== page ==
THERESA MAY’S deputy has insisted the NHS ‘is not and will not be up for sale’ in any post-Brexit trade talks with the US.
Cabinet Office minister David Lidington was pressed by Labour in the Commons after Donald Trump said the NHS would be ‘on the table’ before the president later rowed back on his comments.
Mr Lidington told MPs: ‘The prime minister has been very clear and she spoke for everyone in the government and on this side of the House — when it comes to trade negotiations, the NHS is not and will not be up for sale.’
Shadow business secretary Rebecca Long-Bailey — deputising for Jeremy Corbyn who, together with Mrs May, was attending D-Day 75th anniversary commemorations — accused the prime minister of being ‘silent’ on the issue of US companies accessing health services.
She said: ‘The president certainly seemed to think the NHS was on the table yesterday, so does the [international] trade secretary [Liam Fox]. The prime minister did nothing to allay concerns.’
But a trade policy expert told BBC Radio 4’s Today programme Mr Trump had been ‘right the first time’ and ‘everything is potentially up for grabs in a trade agreement’.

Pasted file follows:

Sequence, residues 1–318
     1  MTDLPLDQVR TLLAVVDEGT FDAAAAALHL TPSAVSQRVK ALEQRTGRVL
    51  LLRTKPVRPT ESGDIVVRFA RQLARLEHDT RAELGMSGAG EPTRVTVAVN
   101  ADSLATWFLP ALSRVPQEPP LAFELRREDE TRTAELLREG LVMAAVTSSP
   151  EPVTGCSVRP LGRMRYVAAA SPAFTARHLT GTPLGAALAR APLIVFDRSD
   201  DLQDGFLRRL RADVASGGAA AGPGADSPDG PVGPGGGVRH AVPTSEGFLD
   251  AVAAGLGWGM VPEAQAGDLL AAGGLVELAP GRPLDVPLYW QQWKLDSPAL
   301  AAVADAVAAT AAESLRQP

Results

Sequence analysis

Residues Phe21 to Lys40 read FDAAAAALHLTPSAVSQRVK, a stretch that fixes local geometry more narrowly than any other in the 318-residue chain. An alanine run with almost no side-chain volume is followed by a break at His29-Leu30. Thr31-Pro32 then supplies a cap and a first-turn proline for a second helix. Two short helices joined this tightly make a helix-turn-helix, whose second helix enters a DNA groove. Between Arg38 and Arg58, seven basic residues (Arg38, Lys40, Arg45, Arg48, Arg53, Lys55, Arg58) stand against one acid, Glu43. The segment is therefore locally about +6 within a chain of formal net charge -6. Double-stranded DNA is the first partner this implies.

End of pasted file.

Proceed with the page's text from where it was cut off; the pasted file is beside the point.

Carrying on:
David Henig, UK director at the European Centre For International Political Economy, said the US’s biggest issue was the price of medicines. ‘The NHS is not just a big buyer in its own right, it’s used as a reference price for up to 25 per cent of global pharmaceutical sales,’ he said.
‘US companies want the NHS to be paying more. The US pays three times more for drug prices than the NHS and they think that if they have more access to people who set the prices in the NHS, prices might go up.’
Meanwhile a group of Eurosceptic Tory MPs warned delays to Brexit posed ‘an existential threat’ to the Conservatives.
The European Research Group said in a report that it must be ‘the unshakeable policy’ of the government to leave the EU by October 31 — and withhold the £39billion divorce bill if there is no deal.